Skills for the new world

Skills for the new world

Now more than ever, digital skills are the key to career success, but young people need to be able to do more than browse the web

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28th February, 2021

It’s a stark message but at least a clear one: digital skills are a prerequisite for employment today.

“For today’s students that means digital skills are simply essential,” said Linda Keane, general manager at ICDL Ireland.

The question, then, is: are today’s school students acquiring the right skills?

Parents of teenagers might be surprised to discover this, given that so many kids today spend day and night with their faces illuminated by the glow of smartphones and tablets, but the answer is: not really.

In recent years research has poured cold water on the much-lauded concept of the ‘digital native’. The term suggests that anyone under the age of 30 is comfortable with technology. This is true, but the problem is that the concept soon expanded to suggest that younger generations, particularly those under 25, had a preternatural affinity with IT.

This is obviously not true: the ability to use TikTok, or for older cohorts Twitter and Facebook, does not mean one has a fundamental understanding of the things that make it all possible, such as computational logic or networking.

And it’s not just this kind of heavy-duty material that is not well understood.

Studies of young people who had grown up with the internet, including one from Canada’s British Columbia Institute of Technology have “found little evidence to support a claim that digital literacy, connectedness, a need for immediacy and a preference for experiential learner were characteristics of a particular generation of learner”. In plain English: young people were no better or worse than their older cohorts.

For Keane, results like this are not a surprise: digital skills are important because they underpin so much of how modern lifestyles and work are conducted, but that doesn’t mean they can be picked up by osmosis.

“You don’t automatically develop the right skills simply by using digital applications. You have to acquire digital skills just like you learn to read and write. Digital literacy should co-exist alongside the other ‘literacies’,” she said.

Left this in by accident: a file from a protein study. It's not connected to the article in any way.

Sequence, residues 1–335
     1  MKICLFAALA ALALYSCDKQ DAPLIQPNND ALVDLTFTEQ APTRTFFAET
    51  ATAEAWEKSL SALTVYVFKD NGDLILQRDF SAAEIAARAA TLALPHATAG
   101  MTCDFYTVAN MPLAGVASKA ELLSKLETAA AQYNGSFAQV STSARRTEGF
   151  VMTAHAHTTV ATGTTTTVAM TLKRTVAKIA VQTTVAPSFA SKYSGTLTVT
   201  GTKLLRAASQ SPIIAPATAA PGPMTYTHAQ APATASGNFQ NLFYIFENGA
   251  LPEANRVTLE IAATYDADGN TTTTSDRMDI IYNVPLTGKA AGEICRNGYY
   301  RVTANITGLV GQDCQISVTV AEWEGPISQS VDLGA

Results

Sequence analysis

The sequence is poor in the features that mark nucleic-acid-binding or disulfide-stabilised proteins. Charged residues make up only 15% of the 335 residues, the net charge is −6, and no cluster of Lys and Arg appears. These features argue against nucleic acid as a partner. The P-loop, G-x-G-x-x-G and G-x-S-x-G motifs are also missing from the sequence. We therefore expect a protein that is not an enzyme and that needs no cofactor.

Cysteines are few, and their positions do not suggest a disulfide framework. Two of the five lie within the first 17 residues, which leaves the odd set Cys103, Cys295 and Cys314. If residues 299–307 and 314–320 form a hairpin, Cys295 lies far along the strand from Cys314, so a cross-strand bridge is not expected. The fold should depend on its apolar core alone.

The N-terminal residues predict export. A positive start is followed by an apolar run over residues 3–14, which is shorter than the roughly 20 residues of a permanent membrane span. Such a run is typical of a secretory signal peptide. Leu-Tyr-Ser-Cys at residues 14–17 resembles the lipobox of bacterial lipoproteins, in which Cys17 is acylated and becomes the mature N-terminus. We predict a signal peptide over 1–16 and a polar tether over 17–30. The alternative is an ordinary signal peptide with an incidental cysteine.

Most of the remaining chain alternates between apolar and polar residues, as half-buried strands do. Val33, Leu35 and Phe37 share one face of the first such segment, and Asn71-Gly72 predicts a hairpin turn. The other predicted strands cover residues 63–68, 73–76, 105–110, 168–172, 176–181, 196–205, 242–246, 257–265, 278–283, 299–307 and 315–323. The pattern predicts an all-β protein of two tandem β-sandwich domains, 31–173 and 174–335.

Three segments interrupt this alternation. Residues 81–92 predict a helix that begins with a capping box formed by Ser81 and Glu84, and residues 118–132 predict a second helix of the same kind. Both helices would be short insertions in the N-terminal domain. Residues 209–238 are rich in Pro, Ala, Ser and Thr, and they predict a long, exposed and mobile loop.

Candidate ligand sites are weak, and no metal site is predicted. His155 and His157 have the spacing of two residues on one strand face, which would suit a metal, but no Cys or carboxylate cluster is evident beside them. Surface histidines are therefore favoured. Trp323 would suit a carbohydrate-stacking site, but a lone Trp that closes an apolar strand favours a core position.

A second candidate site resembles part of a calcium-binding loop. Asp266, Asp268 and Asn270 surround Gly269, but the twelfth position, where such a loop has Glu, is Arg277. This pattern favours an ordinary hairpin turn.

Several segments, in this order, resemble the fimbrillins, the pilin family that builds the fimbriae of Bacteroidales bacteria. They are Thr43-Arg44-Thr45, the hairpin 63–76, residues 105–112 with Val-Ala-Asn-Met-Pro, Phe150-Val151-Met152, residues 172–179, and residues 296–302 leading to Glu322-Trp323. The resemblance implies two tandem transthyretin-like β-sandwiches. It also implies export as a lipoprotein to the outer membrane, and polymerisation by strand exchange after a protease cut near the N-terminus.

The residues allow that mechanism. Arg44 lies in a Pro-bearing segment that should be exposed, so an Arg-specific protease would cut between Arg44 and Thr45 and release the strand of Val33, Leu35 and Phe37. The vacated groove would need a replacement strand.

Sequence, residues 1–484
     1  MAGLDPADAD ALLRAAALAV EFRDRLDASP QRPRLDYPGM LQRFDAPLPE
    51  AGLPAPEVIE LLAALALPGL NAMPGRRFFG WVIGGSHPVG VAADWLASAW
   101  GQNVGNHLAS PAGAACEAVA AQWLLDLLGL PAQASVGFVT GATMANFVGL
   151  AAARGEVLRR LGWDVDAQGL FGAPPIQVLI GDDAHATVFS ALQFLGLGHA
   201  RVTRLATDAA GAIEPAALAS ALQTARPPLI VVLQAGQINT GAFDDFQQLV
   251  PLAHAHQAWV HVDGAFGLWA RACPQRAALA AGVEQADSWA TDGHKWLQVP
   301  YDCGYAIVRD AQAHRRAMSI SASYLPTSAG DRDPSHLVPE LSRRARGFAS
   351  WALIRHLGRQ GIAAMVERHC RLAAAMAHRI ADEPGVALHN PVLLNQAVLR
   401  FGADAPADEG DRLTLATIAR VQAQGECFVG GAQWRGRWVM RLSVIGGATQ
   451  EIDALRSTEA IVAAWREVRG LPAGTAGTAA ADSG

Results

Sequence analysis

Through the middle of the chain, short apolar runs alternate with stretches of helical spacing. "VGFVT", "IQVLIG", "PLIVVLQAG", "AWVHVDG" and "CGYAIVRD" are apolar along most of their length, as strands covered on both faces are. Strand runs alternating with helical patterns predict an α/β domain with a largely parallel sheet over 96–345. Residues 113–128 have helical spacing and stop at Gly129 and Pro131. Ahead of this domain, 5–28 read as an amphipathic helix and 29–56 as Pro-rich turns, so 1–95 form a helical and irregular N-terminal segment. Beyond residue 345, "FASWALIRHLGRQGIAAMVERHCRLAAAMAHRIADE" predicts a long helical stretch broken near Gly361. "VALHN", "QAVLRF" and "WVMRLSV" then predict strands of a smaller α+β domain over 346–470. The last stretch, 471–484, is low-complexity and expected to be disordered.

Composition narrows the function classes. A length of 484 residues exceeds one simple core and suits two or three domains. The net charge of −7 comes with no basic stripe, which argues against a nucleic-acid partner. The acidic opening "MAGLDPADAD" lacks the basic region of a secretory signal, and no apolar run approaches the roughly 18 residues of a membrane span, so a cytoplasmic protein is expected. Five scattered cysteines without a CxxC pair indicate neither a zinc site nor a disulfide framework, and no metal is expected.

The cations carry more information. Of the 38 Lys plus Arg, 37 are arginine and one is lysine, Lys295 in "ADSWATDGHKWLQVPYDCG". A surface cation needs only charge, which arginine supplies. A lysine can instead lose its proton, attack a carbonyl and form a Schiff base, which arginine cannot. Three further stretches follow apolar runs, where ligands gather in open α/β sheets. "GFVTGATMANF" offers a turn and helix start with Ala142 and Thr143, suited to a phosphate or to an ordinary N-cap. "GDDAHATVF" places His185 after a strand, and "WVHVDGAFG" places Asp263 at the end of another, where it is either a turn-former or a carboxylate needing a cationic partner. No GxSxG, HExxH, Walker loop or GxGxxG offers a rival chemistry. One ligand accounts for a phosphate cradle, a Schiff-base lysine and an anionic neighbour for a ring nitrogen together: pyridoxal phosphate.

Keane said digital skills education should not be tacked-on or squeezed-into school timetables as an ‘added extra’. The subject should hold its own place in the academic calendar.

ICDL, now offered in more than 100 countries across the globe, offered schools the ability to really take the area seriously as a subject, she said.

ICDL Ireland’s programmes for schools are designed to teach young people the skills they need to use digital technologies in a safe, ethical, productive, creative and collaborative way. Subjects like computational thinking are available, but ICDL also teaches core skills that have a broader appeal.

“The definition of digital skills has evolved as our use of technology has evolved,” said Keane. “Essential digital skills now include information or media literacy, that is the ability to locate and evaluate online information.”

Indeed, ICDL’s module in information literacy covers the concepts and skills necessary to conduct research for schoolwork, but it also seeks to teach students how to critically assess the information that is coming at them every day.

“We know young people consume their information from a variety of online sources, making information literacy one of the most valuable skills that young people can develop,” she said.

Other cultural changes are recognised, too. In January, it was reported that the large tech conglomerates such as Facebook and Alphabet, which owns Google and YouTube, had a keen eye on the ‘creator economy’, and it is clear that entirely new job categories and genres of entertainment are springing up online.

ICDL recognises the shift that underpins this phenomenon, said Keane. “Increasingly students are becoming content creators and content curators. ICDL modules for creativity and productivity teach students how to collaborate online and work successfully in virtual teams to collect, present and share knowledge and create new artefacts.”

Such skills are not just for the next YouTube sensation, though. “Because ICDL is so flexible, modules can be combined to meet curriculum objectives or complement school projects. By incorporating ICDL into an entrepreneurship project, for example, students can learn how to present a new business idea and the financials to back it up, develop a captivating website and create a digital marketing strategy to promote their product or service.”

Stem subject areas have not been forgotten: to support the teaching of computational thinking skills, ICDL offers a course in computing in which students learn how to problem solve and code in the programming language Python.

“And this year we’ve made our new insights modules available to schools. Insights modules are short introductory modules designed to provide conceptual understanding of trending and emerging technology such as AI, IoT, big data and cloud computing,” said Keane.

This ICDL profile could provide additional support to students studying computer science as a subject for Leaving Cert or even be offered to Transition Year students to nurture an interest in computer science.

ICDL Ireland also has Covid-proofing in mind for schools: each module comes packaged with a range of resources that can all be accessed online, while certification testing is done through remote proctoring solutions. Even afterwards, the skills will persist.

“Through two lockdowns, schools have exploited digital technologies to continue educating our young people,” said Keane.

“The pandemic won’t last forever and teachers should feel confident making informed decisions about integrating technology into their lessons plans into the future.”

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